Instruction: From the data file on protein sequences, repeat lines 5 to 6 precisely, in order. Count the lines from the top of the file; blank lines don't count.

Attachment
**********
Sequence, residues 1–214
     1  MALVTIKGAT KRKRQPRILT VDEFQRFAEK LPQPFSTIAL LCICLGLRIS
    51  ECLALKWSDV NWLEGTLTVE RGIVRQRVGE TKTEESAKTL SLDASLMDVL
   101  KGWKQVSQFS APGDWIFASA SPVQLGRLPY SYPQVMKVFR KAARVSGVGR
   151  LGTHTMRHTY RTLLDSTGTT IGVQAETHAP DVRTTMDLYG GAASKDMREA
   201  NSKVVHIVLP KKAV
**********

   151  LGTHTMRHTY RTLLDSTGTT IGVQAETHAP DVRTTMDLYG GAASKDMREA
   201  NSKVVHIVLP KKAV